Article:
What is KDN’s strategy?

We want to be a “carriers’ carrier. We’re a member of the Sameer Group and it believes in building infrastructure to fire up the economy. We’re not an ISP and we’re not providing minutes. We believe that if we provide infrastructure, everything else will follow.

What are your expansion plans?

We started as a pure public data network operator but we had no international licence. We obtained our international licence in January 2005 and also a local loop licence. With the local loop, we wanted to be “first-to-market” with Wi-Max, using Alvarion’s BreezeMax solution. It works well both in urban and remote areas.

We’ve rolled out fibre in Nairobi and Mombasa. We’re in the process of laying fibre between Nairobi and Mombasa which will be completed by the first quarter of 2006. We’re likely to be ahead of Telkom Kenya. We’re also building a link to Uganda that will be completed by the third quarter of 2006. It will go as far as the border and connect with both MTN and UTL. We’re also building to Namanga in Tanzania and are interested in expanding into Tanzania to provide backbone facilities.

We’re in the final stages of negotiation with a Somali operator for a link to Somalia using VSAT and microwave. We also have interests in Southern Sudan linking some VSATs there and want to grow the market.

Within Kenya, we want to connect the other Kenyan centres but not necessarily on fibre but also with microwave connections.

The total investment will be USD330 million.

Who are your customers?

Anyone who wants to buy bandwidth but we will only sell to those who have licences.

What’s your current level of traffic?

75% is outbound traffic and that is 70 mbps. Inbound is less than outbound and we’re selling a maximum of 1:1. After 95% of capacity is sold, we keep the rest for redundancy.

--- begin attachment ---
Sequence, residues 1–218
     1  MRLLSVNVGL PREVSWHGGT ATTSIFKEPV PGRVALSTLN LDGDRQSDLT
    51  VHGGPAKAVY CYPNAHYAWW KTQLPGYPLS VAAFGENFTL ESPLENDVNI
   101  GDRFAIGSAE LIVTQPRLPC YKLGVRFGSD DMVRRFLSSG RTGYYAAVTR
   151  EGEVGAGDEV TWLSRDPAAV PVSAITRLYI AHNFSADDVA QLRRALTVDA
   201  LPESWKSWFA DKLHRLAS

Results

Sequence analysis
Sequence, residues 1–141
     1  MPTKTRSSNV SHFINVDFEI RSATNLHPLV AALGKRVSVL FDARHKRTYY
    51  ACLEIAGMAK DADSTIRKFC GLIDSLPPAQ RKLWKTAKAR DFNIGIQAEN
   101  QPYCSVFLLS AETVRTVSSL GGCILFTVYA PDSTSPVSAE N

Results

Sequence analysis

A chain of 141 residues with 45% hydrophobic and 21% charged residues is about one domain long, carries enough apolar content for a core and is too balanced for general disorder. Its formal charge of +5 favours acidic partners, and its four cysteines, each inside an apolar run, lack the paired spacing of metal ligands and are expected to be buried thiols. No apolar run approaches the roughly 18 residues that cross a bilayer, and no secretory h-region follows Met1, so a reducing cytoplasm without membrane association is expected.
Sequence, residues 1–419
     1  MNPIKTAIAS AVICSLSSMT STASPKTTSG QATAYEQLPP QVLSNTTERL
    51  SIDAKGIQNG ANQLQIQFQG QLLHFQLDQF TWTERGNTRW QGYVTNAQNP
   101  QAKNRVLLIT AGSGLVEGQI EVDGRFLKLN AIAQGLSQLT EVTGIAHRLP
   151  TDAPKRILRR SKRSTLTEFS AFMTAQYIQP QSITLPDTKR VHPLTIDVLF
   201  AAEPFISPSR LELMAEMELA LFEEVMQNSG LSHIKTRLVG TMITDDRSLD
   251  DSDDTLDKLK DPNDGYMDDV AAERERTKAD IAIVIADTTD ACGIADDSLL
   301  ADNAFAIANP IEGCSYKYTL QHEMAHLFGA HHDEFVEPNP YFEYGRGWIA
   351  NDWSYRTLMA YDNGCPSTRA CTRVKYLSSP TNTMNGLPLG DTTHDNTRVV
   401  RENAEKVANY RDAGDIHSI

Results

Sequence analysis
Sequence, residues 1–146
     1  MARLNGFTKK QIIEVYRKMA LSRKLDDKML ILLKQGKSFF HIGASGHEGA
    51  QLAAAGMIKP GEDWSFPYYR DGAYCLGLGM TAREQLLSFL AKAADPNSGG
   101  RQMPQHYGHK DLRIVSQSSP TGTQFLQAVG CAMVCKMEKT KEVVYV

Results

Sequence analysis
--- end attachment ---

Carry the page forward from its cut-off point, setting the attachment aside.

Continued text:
What’s the current price of a Nairobi-London link?

A duplex link of 1 mbps costs USD6500 and that is managed and uncontended. Our profit margin is USD200 per mbps because it’s not our business to fill the international link. Domestic is our core business. If international was our business, we’d be competing at the wrong level.

We are an MOU partner in the EASSy fibre project with a two digit dollar investment. There was a meeting in Cape Town and the consortium established that it had all the required investment. There’s 20 MOU partners, most of which are parastatals (government-owned companies). The private sector involvement is ourselves, MTN (who are the largest investor), Dalkom and a Tanzanian company.

What impact do you think it will have on current pricing?

It may lead to a 20% reduction in current pricing. The consortium still hasn’t sorted out its interconnection to Flag and Falcon. Djibouti may be the chosen interconnection point.

We will provide backhaul for EASSy to landlocked countries. We are rolling out telephone infrastructure which will allow terminations to whoever has a licence for voice. We plan to install capacity for 2 million mixed telephone/broadband lines. Most of that capacity will be here in Kenya. Fixed lines are a good anabolic to speed up the growth of the economy.

How is Telehouse doing? There were many sceptics when it first launched.

It’s still there and it has 50 clients. Some have only one router, whilst others have a full cage or multiple cages. People have understood the concept of interconnecting.

The Sameer Group has an interest in power supply. Will it be wanting to buy Kenya Power and Light Company (KPLC – the Government-owned power utility) to use its lines for fibre routing?

It’s unlikely. The power company is a separate part of the group and is interested in power generation.

Who’s the Sameer Group and who’s behind it?

It’s one of the largest investment groups in East Africa. The main investor is its Chairman Mr Naushad Merali. The group contributes 3% of the GDP of the region.

What’s your own background?

I had an IT Company in Germany and I came to Kenya 7 years ago to run the largest tourism company here. I started with KDN in April of 2004.